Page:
More and more often, boys have never seen a man lead and love his family like Christ has led and loved his bride. A lot of them have never even had a chance. And you could be that chance for them, whether or not they ever see your daughter down the aisle. By doing so, you’ll serve and protect your daughter in all kinds of new ways — and not just your daughter, but any other young woman he would date or marry.
4. Don’t hide your failures.
As you model, you’ll discover more the broken and flawed example you really are. You’ll want to hide it — that’s not how I want him to treat my daughter — but don’t. If marriage is about our perfect love for one another, none of us is qualified and none of us is safe. But if marriage is about showing Jesus’s love for imperfect people, our flaws in marriage will help fulfill its purpose, not undermine it.
If he’s going to address his or her mistakes or shortcomings in their relationship with the gospel, he needs to see what that process looks like. Otherwise, it will look like the marriage might collapse if one of them disappoints the other. Your failures (and confession and repentance) as a husband and father will help prepare him to be a better, more humble, more Christ-like husband and father.
5. Daughters, if this sounds scary, you might need to break up with the boy.
Girls, if you’re terrified to have your Jesus-loving father more involved in your boyfriend’s life, that is a red flag for your relationship. Depending on the reason you’re afraid, you might even need to break up with him. God has given you a father for your good. God wants to love you and keep you and protect you and provide for you through this man. And if your father loves your heavenly Father, God will use him to guard and grow your heart for Jesus. As awkward as it might feel at times, make this a qualification for a man wanting to pursue you, that he get to know an older godly man that you know loves you, preferably your father.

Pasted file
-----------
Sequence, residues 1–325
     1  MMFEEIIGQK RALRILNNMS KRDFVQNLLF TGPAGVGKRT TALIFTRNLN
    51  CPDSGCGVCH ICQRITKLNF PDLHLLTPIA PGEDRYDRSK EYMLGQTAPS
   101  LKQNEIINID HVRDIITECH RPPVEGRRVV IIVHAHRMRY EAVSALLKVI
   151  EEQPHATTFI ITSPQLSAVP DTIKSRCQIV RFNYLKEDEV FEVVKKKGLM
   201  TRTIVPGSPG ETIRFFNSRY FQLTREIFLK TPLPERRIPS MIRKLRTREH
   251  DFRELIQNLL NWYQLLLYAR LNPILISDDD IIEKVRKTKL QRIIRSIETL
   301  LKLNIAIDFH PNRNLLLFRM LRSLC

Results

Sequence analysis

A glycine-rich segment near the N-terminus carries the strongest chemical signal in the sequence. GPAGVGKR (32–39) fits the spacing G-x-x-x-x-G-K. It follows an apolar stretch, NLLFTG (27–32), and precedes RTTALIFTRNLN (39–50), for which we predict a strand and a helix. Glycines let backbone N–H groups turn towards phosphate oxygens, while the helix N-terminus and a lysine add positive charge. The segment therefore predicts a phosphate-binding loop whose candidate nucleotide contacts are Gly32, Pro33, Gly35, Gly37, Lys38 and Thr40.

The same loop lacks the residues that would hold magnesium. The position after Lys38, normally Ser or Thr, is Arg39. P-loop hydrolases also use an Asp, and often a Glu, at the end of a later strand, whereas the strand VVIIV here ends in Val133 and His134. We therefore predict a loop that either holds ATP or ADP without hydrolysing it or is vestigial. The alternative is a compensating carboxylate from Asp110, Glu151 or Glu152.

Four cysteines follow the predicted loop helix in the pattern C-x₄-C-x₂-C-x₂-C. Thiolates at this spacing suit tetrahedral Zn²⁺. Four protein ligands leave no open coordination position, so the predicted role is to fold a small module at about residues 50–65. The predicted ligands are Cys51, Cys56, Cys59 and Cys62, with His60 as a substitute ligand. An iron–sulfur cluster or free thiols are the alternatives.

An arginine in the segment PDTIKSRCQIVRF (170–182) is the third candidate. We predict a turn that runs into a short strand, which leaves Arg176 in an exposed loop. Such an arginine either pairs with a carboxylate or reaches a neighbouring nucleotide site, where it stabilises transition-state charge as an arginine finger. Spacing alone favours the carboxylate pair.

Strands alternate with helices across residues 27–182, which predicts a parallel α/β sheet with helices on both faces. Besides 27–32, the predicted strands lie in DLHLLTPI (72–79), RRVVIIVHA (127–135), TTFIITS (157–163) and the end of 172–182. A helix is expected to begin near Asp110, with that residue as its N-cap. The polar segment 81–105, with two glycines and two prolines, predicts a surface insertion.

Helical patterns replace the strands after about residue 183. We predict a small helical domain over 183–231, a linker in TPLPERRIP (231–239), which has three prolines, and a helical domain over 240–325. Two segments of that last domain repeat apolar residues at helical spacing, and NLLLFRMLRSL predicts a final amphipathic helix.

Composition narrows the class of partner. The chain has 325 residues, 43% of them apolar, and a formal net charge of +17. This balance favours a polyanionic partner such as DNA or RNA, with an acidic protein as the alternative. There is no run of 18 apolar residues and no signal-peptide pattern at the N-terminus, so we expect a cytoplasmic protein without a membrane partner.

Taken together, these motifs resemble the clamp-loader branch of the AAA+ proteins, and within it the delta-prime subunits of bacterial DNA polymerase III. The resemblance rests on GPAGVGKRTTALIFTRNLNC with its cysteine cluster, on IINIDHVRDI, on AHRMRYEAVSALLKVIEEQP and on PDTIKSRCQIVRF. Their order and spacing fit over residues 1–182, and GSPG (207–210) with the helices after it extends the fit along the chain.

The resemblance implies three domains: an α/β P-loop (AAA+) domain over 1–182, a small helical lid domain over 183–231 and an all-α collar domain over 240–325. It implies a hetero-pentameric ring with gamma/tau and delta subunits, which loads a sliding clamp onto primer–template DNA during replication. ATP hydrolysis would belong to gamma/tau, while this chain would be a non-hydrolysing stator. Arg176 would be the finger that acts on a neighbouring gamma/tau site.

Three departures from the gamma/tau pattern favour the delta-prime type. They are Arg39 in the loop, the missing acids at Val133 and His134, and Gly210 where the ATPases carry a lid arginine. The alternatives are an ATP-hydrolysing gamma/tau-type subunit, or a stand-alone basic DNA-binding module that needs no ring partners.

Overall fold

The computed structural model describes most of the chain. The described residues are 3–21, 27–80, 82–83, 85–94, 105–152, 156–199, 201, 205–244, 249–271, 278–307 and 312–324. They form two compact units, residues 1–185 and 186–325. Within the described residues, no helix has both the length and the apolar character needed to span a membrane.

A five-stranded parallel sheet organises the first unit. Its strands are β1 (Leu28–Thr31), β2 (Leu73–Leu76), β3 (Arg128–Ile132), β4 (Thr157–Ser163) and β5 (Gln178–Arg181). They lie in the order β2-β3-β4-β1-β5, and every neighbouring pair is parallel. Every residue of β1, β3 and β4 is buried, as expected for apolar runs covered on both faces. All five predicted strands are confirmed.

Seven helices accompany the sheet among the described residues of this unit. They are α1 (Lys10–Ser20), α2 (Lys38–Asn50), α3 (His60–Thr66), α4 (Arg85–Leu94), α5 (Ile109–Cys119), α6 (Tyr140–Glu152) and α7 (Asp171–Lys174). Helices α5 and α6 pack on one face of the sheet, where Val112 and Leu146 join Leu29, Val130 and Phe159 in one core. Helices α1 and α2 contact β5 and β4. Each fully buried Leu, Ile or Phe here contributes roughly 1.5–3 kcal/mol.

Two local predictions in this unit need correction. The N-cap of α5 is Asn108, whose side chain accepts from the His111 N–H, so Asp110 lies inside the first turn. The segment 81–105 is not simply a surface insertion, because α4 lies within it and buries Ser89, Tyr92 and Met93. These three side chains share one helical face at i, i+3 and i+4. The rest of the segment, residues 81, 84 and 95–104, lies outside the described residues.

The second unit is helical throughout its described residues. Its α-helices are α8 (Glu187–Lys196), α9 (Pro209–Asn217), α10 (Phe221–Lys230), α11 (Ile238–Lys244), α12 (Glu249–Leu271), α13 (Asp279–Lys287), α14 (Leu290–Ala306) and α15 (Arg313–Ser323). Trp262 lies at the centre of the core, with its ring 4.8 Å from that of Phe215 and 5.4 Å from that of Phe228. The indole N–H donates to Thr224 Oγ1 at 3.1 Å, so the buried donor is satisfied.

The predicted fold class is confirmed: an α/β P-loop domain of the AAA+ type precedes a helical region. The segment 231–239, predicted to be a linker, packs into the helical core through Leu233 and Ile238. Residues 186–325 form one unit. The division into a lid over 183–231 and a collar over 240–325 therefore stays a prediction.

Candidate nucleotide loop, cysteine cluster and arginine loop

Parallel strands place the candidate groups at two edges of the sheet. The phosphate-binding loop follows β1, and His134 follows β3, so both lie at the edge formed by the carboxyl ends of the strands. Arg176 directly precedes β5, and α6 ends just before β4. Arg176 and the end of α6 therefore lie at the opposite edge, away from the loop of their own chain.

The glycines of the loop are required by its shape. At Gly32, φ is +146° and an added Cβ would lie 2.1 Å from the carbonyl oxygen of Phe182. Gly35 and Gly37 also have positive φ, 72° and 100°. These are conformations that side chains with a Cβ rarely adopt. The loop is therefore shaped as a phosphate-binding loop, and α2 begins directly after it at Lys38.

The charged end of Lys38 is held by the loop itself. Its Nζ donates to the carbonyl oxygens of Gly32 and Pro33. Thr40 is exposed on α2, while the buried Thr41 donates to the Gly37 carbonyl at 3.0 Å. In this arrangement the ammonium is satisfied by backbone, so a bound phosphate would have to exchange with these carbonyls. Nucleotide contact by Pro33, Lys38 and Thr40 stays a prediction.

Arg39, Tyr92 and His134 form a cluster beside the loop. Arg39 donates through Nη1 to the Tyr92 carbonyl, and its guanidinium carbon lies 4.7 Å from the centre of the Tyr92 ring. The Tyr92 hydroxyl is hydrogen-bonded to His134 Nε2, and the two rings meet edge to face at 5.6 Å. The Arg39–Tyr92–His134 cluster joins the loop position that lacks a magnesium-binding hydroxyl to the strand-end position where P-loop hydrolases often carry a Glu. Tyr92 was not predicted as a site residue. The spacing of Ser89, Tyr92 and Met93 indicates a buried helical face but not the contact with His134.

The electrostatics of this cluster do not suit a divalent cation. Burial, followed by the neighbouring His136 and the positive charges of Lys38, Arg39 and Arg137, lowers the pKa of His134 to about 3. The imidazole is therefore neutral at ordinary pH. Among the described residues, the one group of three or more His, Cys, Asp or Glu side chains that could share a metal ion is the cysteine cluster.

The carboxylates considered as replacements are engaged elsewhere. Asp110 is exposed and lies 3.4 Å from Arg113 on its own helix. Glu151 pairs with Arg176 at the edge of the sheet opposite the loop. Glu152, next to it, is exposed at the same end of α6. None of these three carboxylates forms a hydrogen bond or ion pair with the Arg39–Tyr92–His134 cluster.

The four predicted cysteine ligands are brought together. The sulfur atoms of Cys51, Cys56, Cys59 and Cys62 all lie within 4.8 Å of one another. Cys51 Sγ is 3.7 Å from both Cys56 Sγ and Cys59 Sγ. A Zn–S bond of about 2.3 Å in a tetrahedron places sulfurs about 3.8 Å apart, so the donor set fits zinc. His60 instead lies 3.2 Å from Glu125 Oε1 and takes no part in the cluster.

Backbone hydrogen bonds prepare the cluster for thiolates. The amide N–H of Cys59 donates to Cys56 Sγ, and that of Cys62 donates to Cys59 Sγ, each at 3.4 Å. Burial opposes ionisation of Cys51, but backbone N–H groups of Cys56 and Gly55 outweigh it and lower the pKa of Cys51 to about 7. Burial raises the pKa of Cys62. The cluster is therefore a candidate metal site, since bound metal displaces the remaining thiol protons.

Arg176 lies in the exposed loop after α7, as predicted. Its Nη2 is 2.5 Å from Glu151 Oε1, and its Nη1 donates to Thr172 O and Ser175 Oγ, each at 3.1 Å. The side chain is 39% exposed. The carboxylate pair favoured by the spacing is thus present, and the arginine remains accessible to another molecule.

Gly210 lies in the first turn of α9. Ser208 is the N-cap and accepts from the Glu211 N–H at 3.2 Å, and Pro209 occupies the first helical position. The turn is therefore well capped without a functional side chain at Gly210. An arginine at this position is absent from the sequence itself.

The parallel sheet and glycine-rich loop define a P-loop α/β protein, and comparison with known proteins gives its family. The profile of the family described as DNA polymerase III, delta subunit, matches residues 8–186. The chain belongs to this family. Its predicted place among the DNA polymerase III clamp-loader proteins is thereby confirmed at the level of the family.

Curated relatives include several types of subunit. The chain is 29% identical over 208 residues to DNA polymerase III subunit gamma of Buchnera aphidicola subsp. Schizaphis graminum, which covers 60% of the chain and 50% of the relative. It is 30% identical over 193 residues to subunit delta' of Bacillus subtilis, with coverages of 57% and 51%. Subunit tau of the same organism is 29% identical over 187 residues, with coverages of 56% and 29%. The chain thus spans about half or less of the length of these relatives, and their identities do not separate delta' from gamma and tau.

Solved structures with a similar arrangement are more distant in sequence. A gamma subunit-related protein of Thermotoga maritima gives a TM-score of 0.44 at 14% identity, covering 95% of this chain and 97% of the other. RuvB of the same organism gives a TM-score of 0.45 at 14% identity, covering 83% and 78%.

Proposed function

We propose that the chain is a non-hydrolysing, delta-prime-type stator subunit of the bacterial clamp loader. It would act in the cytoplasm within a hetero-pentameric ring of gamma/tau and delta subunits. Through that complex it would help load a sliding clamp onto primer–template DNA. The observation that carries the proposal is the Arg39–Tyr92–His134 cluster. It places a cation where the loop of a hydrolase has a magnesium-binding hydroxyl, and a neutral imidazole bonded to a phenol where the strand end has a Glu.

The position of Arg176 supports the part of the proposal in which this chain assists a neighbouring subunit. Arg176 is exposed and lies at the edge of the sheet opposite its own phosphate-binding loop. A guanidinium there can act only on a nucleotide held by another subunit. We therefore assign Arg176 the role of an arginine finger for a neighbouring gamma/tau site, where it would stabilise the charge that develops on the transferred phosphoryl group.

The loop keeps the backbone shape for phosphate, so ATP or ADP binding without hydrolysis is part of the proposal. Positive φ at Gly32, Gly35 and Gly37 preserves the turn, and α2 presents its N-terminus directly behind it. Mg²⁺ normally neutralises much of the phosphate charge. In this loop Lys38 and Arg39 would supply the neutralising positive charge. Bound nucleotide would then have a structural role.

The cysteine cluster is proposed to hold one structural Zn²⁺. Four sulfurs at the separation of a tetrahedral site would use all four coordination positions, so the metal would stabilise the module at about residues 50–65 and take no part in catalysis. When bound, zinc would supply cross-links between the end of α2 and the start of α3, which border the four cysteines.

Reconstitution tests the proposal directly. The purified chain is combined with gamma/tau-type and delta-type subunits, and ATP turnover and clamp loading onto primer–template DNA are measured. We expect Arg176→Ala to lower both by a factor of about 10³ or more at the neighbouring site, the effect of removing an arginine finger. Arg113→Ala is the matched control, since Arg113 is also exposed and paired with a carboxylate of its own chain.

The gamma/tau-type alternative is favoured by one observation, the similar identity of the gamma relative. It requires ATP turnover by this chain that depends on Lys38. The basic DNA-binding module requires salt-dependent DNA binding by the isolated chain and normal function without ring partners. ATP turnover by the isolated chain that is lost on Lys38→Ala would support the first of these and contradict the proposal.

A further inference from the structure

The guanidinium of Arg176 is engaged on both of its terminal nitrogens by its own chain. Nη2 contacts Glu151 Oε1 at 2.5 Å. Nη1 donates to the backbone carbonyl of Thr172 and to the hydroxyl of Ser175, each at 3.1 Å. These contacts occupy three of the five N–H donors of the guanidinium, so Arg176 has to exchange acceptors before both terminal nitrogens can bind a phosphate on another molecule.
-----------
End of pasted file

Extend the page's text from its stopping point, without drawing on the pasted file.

6. Dads don’t have to be dads.
Some of you may have been reading and becoming more and more discouraged. Unfortunately, physically or functionally, there are a lot of fatherless daughters in the world, and in the church. You might have lost your dad as a child. Disease, an accident, addiction, violence — there’s no easy way to lose him. It hurts, and it keeps hurting.
But our God is not only a God for the fathered. More than anyone has in history, he loves the orphan, those abandoned biologically, as well as those who’ve been left spiritually. And he has wonderfully provided men to father when fathers can’t or won’t.
They might be a grandparent, pastor, uncle, family friend, neighbor, or just a godly man in your church. In your average, Bible-loving evangelical church, there are very likely faithful, Jesus-following, older men who can help you walk through this relationship. They can love you and your boyfriend well, and lead the two of you toward safety in your intimacy and clarity about the future. Perhaps point them to an article like this to help them help you.
Men, consider this a call to arms. Too many of our young women are giving themselves away to unworthy men because there’s no worthy man in their life to tell them differently. Their craving to finally be loved might cause them to make unhealthy compromises, but it’s far less likely if someone loves them enough to know what’s going on and keep them from destroying themselves.
Fathers, there really is another more effective, more loving, more fruitful way for you to care for your daughters in their pursuit of marriage. Be willing to take the initiative with the young man early on, and then be willing to follow through with some practical, gracious, firm, consistent disciplemaking. Our young women need this kind of love from you, and our young men need the kinds of examples and mentors that will help make them mature pictures of Jesus in their marriages and families.